Due to its emphasis on experiential interests, animal ethics tends to focus on individuals as the sole unit of moral concern. Many issues in animal ethics can be fruitfully analysed in terms of obligations towards individual animals, but some problems require reflection about collective dimensions of animal life in ways that individualist approaches can’t offer. Criticism of the individualist focus in animal ethics is not new; it has been put forward in particular by environmental ethics approaches. However, the latter tend to be so far removed from the concerns of animal ethicists that both groups talk at cross purposes. We think the gap between environmental and animal ethics could be bridged by focusing more on the collective dimensions of our concerns with animals. In our paper we explore various (novel) ways of conceptualising the moral relevance of collectiveness in animal life. We draw on insights from public health ethics, as this field of inquiry has also developed – at least partly – in response to individualist approaches in human bioethics, creating more room for recognizing the value of population health, interpersonal relations, solidarity, and ways in which a collective is constituted.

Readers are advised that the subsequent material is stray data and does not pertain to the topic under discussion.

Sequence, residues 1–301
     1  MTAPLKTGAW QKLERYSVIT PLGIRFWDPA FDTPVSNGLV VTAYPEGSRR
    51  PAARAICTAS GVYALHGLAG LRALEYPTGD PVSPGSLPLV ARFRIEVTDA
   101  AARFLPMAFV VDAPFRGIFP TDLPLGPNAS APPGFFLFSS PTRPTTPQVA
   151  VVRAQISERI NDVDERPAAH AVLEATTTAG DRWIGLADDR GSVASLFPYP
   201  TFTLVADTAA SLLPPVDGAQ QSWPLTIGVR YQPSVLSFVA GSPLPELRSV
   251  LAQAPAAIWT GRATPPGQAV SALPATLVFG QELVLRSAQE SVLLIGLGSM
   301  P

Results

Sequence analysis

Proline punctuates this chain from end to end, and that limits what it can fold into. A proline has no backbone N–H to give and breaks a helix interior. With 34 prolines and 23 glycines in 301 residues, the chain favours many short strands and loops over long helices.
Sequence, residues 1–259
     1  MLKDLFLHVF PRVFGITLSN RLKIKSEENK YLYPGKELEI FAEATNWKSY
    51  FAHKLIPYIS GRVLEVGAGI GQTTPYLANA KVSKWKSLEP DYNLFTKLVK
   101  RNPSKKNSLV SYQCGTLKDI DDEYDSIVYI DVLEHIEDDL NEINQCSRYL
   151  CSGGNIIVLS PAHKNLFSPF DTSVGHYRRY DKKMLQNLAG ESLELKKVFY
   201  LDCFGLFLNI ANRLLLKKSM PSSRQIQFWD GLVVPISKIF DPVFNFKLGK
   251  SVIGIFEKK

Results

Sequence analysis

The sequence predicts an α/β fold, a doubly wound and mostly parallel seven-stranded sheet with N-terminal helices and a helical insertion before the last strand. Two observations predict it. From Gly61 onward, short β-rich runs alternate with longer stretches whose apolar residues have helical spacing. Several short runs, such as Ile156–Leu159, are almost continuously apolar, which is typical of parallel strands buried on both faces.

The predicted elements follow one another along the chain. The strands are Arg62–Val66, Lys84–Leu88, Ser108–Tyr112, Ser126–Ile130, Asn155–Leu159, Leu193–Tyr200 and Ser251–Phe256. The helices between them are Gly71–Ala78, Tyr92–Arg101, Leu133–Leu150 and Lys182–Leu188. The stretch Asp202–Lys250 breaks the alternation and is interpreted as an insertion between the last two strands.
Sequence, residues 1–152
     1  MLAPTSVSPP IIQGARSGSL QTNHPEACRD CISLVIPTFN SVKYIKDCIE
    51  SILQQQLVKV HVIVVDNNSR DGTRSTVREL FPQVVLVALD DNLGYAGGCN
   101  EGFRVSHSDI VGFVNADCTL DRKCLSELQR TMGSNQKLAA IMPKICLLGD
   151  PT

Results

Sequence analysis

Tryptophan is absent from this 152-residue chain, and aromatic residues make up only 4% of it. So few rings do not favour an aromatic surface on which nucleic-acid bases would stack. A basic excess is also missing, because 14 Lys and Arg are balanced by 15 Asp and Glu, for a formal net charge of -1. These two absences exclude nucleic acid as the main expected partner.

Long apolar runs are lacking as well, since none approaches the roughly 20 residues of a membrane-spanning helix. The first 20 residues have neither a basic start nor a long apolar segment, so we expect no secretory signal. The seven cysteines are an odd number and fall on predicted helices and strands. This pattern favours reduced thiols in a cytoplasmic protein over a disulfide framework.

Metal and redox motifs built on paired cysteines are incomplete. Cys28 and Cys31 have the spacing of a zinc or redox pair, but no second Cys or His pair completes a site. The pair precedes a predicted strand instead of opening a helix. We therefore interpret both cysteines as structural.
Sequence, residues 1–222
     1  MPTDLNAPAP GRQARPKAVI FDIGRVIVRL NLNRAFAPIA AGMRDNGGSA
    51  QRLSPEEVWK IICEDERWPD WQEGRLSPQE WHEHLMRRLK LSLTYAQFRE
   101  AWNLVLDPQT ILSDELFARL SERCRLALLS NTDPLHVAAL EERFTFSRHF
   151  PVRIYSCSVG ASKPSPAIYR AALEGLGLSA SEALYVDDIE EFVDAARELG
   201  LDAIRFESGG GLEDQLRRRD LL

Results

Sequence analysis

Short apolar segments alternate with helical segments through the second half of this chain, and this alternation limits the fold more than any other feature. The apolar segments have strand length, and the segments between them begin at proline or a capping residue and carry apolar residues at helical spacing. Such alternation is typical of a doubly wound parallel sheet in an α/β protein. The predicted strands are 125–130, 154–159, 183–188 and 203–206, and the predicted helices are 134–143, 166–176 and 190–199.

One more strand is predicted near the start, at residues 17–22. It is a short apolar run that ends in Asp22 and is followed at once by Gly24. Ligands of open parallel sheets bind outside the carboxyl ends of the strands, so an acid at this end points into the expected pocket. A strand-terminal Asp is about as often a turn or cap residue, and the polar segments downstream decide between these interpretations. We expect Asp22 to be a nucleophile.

|Name||Food ethics and Innovation|